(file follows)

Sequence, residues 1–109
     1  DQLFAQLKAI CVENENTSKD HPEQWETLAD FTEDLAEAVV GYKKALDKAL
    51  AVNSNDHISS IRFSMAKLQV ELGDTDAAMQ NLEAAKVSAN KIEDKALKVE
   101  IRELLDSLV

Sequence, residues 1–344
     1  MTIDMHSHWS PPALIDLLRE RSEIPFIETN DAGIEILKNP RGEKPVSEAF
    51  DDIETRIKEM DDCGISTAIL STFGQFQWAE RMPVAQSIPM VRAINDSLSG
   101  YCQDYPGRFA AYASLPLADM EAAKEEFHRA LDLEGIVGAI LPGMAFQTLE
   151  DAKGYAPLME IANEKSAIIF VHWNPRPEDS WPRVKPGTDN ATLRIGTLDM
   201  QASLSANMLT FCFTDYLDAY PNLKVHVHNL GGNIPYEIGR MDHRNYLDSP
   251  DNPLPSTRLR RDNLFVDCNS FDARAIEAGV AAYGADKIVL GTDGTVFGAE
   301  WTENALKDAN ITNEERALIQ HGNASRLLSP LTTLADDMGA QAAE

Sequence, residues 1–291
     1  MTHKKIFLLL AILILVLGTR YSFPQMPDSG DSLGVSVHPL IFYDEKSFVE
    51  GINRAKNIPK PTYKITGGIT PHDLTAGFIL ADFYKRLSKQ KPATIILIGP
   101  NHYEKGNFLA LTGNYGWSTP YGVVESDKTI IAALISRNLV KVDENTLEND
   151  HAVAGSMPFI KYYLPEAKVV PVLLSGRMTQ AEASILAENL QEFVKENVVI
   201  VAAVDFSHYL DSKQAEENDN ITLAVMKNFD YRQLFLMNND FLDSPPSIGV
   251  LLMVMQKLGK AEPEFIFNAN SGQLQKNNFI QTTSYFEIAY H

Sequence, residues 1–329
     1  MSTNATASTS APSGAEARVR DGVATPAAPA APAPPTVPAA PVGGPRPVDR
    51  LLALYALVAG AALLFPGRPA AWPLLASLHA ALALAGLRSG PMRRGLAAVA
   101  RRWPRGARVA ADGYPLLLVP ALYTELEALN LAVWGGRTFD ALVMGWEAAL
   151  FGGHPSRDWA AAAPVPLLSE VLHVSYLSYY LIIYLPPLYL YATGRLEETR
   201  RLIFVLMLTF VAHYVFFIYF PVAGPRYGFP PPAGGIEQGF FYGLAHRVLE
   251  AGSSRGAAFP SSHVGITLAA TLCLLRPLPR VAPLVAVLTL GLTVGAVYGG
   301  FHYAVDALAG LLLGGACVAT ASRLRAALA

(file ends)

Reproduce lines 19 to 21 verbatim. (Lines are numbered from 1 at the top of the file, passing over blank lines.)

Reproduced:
   251  LLMVMQKLGK AEPEFIFNAN SGQLQKNNFI QTTSYFEIAY H

Sequence, residues 1–329
     1  MSTNATASTS APSGAEARVR DGVATPAAPA APAPPTVPAA PVGGPRPVDR